Inspiration found in mud-soaked endurance run
By Shavonne Potts
LANDIS — I grew up making mud pies and climbing trees as a child in rural South Carolina, but I was never what one would call the outdoorsy type.
I ran from mosquitoes and never walked barefoot anywhere because I didn’t like dirt. So, it came as a shock to many who knew me to learn I’d entered myself in a competition that would place me deep in muck.
I signed myself and fellow Post reporter Sarah Campbell up for the Down and Dirty Adventure Run in Landis. The run was last Saturday at the Lake Corriher Wilderness Area.
We enlisted help from friends and co-workers to brainstorm a team name and Salt N Peppa won out.
What, you may ask, would possess us to compete? What were we thinking you may wonder? I do not know. It seemed like a good idea at the time.
Just before the run as the rain began pelting us, we again asked ourselves what we were thinking as we saw that very question written on the back of one team’s shirts.
Well, it was too late at that point to turn around. We psyched ourselves up by dancing to the DJ’s tunes and strategizing. Our strategy was simple — survive.
Sarah and I are not runners. She’s a yoga gal and I’m a dancing-Zumba-kinda-chick. Neither exercise activities include climbing a monster tire, hurdling hay bales and crawling commando-style through a waist-high creek.
In the days leading up to the run, we began to worry because it rained every day. That meant two things; lots of mud and lots of water. There was so much mud we could have filmed a commercial for laundry detergent.
The day of the run we purposely made our way to the back of the line because we knew where we belonged. A short pep talk from Landis Town Manager Reed Linn whose four-man team also participated, calmed us down a little.
As we took the first jog past the cheering crowd and headed onto rougher terrain, we slowed to a walk because, well, we were already pooped.
To say the course was grueling would be an understatement. It was one of the most challenging things I’ve ever done.
Throughout the course, there were many moments I wanted to give up, but when I looked at Sarah beside me, I knew I couldn’t quit on her.
Strangely, I wanted to stay as clean as possible at first, but after falling into the first mud pit I abandoned that pipe dream. Every knee-deep mud hole was like quicksand that threatened to claim our shoes, a problem that befell many others.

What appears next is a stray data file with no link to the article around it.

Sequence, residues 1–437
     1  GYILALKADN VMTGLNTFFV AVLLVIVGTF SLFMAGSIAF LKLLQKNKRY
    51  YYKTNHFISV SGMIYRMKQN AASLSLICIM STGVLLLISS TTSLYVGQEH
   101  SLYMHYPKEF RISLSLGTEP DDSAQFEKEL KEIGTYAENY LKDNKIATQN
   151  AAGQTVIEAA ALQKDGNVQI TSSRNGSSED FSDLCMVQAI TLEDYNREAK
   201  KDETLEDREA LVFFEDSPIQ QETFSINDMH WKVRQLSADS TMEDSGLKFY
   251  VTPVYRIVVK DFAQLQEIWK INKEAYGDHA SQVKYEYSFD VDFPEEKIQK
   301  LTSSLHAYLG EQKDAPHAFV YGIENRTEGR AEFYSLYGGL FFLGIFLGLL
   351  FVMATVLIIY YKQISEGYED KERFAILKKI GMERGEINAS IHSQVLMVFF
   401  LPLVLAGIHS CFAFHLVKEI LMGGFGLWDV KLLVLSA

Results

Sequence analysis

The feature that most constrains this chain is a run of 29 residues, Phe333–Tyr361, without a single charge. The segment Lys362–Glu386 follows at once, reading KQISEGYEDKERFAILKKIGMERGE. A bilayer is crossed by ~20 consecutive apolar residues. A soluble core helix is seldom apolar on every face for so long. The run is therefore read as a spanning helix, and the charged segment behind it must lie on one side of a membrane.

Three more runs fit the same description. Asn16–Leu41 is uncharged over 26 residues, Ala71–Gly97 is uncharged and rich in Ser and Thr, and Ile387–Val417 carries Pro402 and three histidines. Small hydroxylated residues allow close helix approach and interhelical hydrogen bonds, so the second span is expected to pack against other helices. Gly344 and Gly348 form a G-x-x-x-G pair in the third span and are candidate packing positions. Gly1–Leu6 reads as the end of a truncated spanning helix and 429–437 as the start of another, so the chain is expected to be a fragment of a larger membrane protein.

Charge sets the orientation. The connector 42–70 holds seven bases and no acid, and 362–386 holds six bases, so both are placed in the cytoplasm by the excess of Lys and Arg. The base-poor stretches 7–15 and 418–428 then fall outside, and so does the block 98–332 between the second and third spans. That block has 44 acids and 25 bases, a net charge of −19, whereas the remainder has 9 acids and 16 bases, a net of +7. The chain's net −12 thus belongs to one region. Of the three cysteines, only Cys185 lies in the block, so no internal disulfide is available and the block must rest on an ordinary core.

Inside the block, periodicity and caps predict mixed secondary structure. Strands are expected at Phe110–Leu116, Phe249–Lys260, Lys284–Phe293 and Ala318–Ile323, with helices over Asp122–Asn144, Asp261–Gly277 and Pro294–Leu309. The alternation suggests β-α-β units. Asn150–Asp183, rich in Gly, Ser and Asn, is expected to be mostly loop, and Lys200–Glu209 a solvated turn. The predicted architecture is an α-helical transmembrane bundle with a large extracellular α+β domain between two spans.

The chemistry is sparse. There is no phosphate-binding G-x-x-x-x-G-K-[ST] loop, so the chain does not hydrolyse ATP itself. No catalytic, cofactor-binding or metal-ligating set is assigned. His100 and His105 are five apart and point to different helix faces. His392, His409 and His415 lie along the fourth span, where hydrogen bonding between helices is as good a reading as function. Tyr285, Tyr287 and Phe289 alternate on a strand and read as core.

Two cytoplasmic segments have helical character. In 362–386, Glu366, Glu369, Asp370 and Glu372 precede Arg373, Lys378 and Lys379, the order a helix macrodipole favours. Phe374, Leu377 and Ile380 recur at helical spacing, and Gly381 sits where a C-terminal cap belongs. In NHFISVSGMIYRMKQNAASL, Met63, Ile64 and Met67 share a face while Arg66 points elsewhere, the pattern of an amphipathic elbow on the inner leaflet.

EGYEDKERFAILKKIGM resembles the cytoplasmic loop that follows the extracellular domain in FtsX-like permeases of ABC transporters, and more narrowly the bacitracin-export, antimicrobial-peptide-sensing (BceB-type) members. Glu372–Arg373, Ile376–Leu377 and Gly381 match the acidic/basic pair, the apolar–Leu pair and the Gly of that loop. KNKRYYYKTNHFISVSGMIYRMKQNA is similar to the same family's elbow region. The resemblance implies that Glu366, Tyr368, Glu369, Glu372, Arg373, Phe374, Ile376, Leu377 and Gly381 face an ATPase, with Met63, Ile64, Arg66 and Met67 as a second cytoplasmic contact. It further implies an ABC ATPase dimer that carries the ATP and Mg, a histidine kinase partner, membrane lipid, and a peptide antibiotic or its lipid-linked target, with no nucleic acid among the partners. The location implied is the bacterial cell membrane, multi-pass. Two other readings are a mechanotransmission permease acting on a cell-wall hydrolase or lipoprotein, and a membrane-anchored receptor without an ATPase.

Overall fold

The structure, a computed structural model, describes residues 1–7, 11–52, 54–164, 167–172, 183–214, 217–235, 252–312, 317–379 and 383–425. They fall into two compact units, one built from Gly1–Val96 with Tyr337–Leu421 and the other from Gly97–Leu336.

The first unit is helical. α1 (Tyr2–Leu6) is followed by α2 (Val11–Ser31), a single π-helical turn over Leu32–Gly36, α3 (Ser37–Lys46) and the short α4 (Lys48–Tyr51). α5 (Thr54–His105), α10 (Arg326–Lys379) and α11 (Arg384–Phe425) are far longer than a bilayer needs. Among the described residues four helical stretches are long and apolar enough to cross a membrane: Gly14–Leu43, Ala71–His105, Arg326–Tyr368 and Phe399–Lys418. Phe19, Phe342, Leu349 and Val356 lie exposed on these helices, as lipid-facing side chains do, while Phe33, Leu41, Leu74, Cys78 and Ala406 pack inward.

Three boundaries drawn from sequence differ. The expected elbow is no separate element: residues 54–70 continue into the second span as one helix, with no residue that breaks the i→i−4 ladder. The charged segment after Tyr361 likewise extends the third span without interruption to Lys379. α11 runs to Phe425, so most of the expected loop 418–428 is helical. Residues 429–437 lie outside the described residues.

Luckily, someone was always there to pull me up when I sank deeper into the mud.
Sarah and I unofficially became part of the yellow team, known by the moniker “Half Speed.”
The yellow team — Melissa, Ashleigh, Patrick and Ernest — were our saving grace. They encouraged us, literally pulled us from the trenches and laughed with us when we slid down the hill like little piglets in the mud.
As we continued along the trail, we kept hearing there would be drinking water ahead.
I’m not a big water drinker, though I know I should be, but when Sarah and I finally saw the first water point, I swear I heard the angels singing.
We were like foragers in the desert searching for our liquid salvation. OK, I exaggerate, but we were thirsty. And I think we were only at the 2-mile mark.
We saw the table with a cooler on top through the trees and sprinted toward it only to discover there were only two cups left. We split a cup, took a few sips and continued.
By the time we finished, most of the competitors had showered and gone home and the cheering section at the beginning of the day had dwindled to a few. Honestly, I could barely hear them over our cheering.
We ran down the homemade slip and slide, found a place in the grass and collapsed. I was so dirty and tired after the run that I didn’t care that I dropped part of my peanut butter covered bagel in the grass.
I could be embarrassed that we came behind people twice our age. But winning wasn’t the point. Instead, we overcame a challenge.
In the end, as Christopher Robin once told Winnie the Pooh: “You’re braver than you believe, and stronger than you seem, and smarter than you think.”
I guess he was right. I’ll see you in the mud next year.
Contact reporter Shavonne Potts at 704-797-4253.